Apocalyptic Planet/The Book of Job: When Bad Things Happened to a Good Person (Books Acquired, 9.14.2012)


Two new review copies from the good people at Pantheon.

First, Apocalyptic Planet, which looks pretty cool. Pub copy:

The earth has died many times, and it always comes back looking different. In an exhilarating, surprising exploration of our planet, Craig Childs takes readers on a firsthand journey through apocalypse, touching the truth behind the speculation.Apocalyptic Planet is a combination of science and adventure that reveals the ways in which our world is constantly moving toward its end and how we can change our place within the cycles and episodes that rule it.

In this riveting narrative, Childs makes clear that ours is not a stable planet, that it is prone to sudden, violent natural disasters and extremes of climate. Alternate futures, many not so pretty, are constantly waiting in the wings. Childs refutes the idea of an apocalyptic end to the earth and finds clues to its more inevitable end in some of the most physically challenging places on the globe. He travels from the deserts of Chile, the driest in the world, to the genetic wasteland of central Iowa to the site of the drowned land bridge of the Bering Sea, uncovering the micro-cataclysms that predict the macro: forthcoming ice ages, super-volcanoes, and the conclusion of planetary life cycles. Childs delivers a sensual feast in his descriptions of the natural world and a bounty of unequivocal science that provides us with an unprecedented understanding of our future.

I suppose I’m less enthusiastic about Harold Kushner’s take on The Book of Job


Here’s the pub copy:

From one of our most trusted spiritual advisers, a thoughtful, illuminating guide to that most fascinating of biblical texts, the book of Job, and what it can teach us about living in a troubled world.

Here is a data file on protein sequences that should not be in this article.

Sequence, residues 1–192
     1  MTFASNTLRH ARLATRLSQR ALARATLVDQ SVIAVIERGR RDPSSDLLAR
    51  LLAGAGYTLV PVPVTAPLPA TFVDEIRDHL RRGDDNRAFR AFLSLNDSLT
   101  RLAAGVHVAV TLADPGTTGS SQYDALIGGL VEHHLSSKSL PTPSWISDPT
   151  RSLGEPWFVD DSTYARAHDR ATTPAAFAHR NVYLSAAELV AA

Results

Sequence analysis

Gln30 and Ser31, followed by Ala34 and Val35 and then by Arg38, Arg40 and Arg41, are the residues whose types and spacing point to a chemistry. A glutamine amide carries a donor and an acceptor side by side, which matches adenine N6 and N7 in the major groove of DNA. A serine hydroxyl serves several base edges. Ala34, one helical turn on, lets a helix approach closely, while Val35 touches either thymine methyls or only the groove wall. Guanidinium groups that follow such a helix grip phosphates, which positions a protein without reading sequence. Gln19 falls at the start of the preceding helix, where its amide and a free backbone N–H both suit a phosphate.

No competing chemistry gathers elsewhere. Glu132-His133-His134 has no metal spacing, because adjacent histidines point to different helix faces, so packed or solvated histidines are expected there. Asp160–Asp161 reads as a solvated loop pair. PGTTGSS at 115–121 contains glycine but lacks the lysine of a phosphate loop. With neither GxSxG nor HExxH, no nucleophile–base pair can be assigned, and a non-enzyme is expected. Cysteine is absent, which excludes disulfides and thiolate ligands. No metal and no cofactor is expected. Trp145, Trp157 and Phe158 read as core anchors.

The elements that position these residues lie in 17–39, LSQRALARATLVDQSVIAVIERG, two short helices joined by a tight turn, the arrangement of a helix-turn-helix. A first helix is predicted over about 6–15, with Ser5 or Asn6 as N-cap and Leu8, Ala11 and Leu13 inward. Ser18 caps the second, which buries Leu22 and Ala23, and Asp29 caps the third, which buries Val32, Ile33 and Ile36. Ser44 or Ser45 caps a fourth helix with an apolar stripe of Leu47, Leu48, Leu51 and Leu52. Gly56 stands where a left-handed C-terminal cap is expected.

The story of Job is one of unjust things happening to a good man. Yet after losing everything, Job—though confused, angry, and questioning God—refuses to reject his faith, although he challenges some central aspects of it. Rabbi Harold S. Kushner examines the questions raised by Job’s experience, questions that have challenged wisdom seekers and worshippers for centuries. What kind of God permits such bad things to happen to good people? Why does God test loyal followers? Can a truly good God be all-powerful?

Rooted in the text, the critical tradition that surrounds it, and the author’s own profoundly moral thinking, Kushner’s study gives us the book of Job as a touchstone for our time. Taking lessons from historical and personal tragedy, Kushner teaches us about what can and cannot be controlled, about the power of faith when all seems dark, and about our ability to find God.

Rigorous and insightful yet deeply affecting, The Book of Job is balm for a distressed age—and Rabbi Kushner’s most important book since When Bad Things Happen to Good People.

4 thoughts on “Apocalyptic Planet/The Book of Job: When Bad Things Happened to a Good Person (Books Acquired, 9.14.2012)”

  1. I’ll take the intelligence based volume. I like Blake also but I wouldn’t use a volume of his to instruct me on how to repair the brakes on my truck, as an example. However, the Book of Job itself makes for good reading.


  2. The first book does look like an interesting read though I’ve never heard of central Iowa referred to as a genetic wasteland before.

    I can understand your not being as enthusiastic about the second book.

    I couldn’t agree more with ccllyyddee. The Book of Job is a good read, but not because it can teach us anything about evil.


    1. In his book Where ShallWisdom Be Found?, Harold Bloom writes extensively about Job, and argues (quite convincingly) that the beginning and end are tacked on by later editors who wrote with a different style and for a different purpose—namely, the purpose of giving a meaningful “happy ending” to Job’s complaint.


  3. A pity the later editors felt his complaints needed a happy ending – they were fine as they were.

    That reminds me of Ecclesiastes, which is so eloquent verse after verse, and then in the last chapter we’re suddenly told to remember the Creator and his commandments. Granted, verses 1-6 are poetry of the highest caliber.

    I’ve not read the book you mention by Bloom, but I take it would be something you’d recommend.


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